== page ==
African Americans are twice as likely to develop Alzheimer's disease (AD) as Whites, but few studies have
focused on these cognitive disparities and related mechanisms. Perceived stress in minority groups such as
African Americans, directly affects cognition and also plays a role in worsening of CVD risk factors and
unhealthy behaviors such as smoking, improper diet, and physical inactivity. Further understanding the role of
modifiable risk factors such as perceived stress in cognitive decline could have an important role in developing
effective preventive strategies and addressing health disparities in aging populations. The overarching goal
of this proposal is to examine the association of stress and cognition, role of CVD risk factors, and related
health disparities. The research proposed in this Mentored Patient-Oriented Research Career Development
Award includes data analyses involving two cohort studies and determining the feasibility of a pilot clinical trial.
The plan describes three separate but interrelated projects designed to examine the association of perceived
stress and cognition.
Specific Aim-1: The study will prospectively examine the relationship between perceived stress and incident
cognitive impairment among African Americans and Whites in the Reasons for Geographic and Racial
Differences in Stroke (REGARDS) Cohort (n=30,239) and explore if CVD risk factors mediate this relationship.
Specific Aim-2: The study will assess the relationship of perceived stress with specific cognitive domains
among African Americans and Whites with Mild Cognitive Impairment in the Vascular Contributors to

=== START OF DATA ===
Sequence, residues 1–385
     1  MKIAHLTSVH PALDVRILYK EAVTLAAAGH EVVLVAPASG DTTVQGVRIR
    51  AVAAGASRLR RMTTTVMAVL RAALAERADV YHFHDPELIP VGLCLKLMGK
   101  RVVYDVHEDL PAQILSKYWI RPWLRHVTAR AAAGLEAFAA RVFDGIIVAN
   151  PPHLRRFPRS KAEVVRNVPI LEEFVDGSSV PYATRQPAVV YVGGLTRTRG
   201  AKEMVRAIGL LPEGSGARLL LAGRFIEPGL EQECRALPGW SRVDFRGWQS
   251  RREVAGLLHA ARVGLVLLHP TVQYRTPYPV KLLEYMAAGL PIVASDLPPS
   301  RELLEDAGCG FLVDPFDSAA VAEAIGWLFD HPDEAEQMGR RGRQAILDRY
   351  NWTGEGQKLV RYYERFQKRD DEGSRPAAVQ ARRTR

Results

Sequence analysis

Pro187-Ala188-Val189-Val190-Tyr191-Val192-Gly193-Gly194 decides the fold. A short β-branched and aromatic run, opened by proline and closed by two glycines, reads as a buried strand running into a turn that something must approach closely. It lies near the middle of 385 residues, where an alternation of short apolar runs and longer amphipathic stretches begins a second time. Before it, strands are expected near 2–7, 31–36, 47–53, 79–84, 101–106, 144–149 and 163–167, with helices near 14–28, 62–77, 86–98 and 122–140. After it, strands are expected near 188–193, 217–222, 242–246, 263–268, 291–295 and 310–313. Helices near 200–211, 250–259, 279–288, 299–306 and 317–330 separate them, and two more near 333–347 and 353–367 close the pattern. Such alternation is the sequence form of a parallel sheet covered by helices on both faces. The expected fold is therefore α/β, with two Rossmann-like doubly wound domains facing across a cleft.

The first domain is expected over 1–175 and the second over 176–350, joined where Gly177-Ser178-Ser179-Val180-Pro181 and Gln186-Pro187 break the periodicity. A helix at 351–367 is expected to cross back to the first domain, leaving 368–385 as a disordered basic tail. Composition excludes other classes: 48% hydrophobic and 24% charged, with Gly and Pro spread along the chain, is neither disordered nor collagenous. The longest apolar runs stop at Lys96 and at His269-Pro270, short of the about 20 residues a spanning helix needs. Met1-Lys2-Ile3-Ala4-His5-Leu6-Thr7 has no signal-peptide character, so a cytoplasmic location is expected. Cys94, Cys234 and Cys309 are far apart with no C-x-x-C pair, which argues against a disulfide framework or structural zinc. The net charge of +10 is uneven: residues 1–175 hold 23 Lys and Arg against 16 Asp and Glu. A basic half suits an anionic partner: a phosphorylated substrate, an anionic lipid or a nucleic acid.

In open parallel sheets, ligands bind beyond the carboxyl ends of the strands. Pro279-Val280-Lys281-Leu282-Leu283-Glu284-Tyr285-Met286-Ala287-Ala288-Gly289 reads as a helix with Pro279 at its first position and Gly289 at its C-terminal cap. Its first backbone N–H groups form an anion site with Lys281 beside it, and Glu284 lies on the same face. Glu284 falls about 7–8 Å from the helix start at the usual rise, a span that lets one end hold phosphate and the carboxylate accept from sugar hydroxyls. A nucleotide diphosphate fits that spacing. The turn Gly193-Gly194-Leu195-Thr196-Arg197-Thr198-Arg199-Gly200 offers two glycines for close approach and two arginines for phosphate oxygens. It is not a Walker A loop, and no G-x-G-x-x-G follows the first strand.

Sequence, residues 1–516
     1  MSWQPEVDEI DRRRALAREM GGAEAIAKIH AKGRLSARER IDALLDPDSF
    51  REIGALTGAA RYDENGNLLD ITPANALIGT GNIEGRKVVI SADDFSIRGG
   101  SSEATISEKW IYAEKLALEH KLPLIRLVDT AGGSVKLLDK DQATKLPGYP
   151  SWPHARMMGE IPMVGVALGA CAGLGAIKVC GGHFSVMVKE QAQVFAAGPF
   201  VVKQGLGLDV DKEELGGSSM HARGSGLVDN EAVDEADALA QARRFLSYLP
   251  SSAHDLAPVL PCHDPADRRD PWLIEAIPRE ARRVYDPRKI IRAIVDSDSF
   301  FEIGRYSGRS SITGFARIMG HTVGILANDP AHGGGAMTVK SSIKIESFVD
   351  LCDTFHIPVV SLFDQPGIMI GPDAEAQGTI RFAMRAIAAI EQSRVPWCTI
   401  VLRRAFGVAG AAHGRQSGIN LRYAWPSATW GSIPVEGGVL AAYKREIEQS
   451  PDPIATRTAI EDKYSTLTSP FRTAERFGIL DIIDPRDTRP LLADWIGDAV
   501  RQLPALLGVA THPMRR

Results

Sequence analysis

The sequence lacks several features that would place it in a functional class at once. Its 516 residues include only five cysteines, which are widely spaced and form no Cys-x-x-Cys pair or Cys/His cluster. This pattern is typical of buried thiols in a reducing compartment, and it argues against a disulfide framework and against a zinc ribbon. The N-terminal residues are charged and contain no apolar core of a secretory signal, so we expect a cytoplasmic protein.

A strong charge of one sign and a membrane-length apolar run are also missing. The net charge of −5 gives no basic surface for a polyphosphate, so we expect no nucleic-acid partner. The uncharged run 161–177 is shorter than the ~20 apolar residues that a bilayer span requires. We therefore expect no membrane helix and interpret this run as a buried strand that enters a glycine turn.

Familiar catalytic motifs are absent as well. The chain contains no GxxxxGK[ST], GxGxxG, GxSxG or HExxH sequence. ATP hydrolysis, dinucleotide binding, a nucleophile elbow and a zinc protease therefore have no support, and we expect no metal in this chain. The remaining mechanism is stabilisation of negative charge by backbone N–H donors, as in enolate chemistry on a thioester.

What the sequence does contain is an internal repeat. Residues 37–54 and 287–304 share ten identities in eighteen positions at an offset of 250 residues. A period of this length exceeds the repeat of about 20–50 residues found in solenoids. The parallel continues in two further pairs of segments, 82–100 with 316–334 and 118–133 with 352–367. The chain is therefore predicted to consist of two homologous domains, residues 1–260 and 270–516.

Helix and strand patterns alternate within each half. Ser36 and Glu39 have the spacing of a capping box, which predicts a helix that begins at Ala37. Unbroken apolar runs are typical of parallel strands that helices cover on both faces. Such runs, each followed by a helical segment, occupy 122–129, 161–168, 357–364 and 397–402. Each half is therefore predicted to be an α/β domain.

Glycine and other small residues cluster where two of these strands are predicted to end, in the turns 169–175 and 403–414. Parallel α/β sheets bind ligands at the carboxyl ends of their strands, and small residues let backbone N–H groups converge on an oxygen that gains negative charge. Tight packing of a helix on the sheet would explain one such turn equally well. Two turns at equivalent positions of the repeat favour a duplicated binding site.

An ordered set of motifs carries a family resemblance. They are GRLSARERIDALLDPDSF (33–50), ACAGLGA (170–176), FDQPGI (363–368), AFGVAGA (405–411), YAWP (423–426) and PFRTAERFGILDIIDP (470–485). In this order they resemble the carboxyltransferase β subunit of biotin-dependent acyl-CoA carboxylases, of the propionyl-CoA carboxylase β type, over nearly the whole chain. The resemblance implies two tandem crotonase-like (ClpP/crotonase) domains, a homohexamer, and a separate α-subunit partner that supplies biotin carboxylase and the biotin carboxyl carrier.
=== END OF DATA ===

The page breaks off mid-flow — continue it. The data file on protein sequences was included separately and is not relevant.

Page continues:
Prodromal Alzheimer's disease (VASCULAR) cohort study (n=341) at Emory.
Specific Aim-3: The study will determine the feasibility of a novel web-based multidisciplinary stress reduction
program and assess the program's effects on perceived stress, related biomarkers, and cognition among
African Americans and Whites with Mild Cognitive Impairment (n=30).
Candidate: The candidate (Dr. Kulshreshtha) is a board certified Family Physician in the Department of Family
and Preventive Medicine at Emory University. His long-term career goal is to become an independent clinician
researcher investigating the mechanisms of behavioral and lifestyle interventions to improve cognitive health
and reduce health disparities. The integrated research and training program described in this proposal will
build on the candidate's prior experience in cardiovascular epidemiology, health disparities, and primary care
clinical work. It will incorporate new training in cognitive and stress measurements, and clinical trials, to
develop expertise in the area of stress and cognition research for AD prevention. Overall this research will form
the basis for larger studies investigating potential mechanisms and interventions for AD prevention and
establish Dr. Kulshreshtha as a young investigator in patient-oriented clinical research.